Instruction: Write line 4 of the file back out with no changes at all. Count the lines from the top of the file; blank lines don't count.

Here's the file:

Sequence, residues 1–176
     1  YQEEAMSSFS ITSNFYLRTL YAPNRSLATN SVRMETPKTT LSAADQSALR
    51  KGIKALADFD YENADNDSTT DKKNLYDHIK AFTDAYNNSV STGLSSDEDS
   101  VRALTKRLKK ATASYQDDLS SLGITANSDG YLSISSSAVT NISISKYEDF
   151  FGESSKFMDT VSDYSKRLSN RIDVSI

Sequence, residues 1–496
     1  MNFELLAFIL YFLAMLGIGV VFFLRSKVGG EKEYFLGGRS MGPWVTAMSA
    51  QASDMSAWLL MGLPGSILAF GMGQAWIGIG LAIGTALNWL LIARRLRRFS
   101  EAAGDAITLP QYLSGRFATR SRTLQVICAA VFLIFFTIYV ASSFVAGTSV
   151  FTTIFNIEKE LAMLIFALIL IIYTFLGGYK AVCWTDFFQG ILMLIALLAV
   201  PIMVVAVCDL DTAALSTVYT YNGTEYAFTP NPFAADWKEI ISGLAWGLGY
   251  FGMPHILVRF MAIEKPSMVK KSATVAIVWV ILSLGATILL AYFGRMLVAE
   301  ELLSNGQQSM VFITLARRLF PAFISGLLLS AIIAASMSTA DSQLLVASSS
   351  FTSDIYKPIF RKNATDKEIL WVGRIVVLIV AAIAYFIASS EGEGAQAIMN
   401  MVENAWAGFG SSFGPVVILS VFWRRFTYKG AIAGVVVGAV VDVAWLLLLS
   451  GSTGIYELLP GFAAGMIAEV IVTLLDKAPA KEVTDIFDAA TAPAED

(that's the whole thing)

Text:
   101  VRALTKRLKK ATASYQDDLS SLGITANSDG YLSISSSAVT NISISKYEDF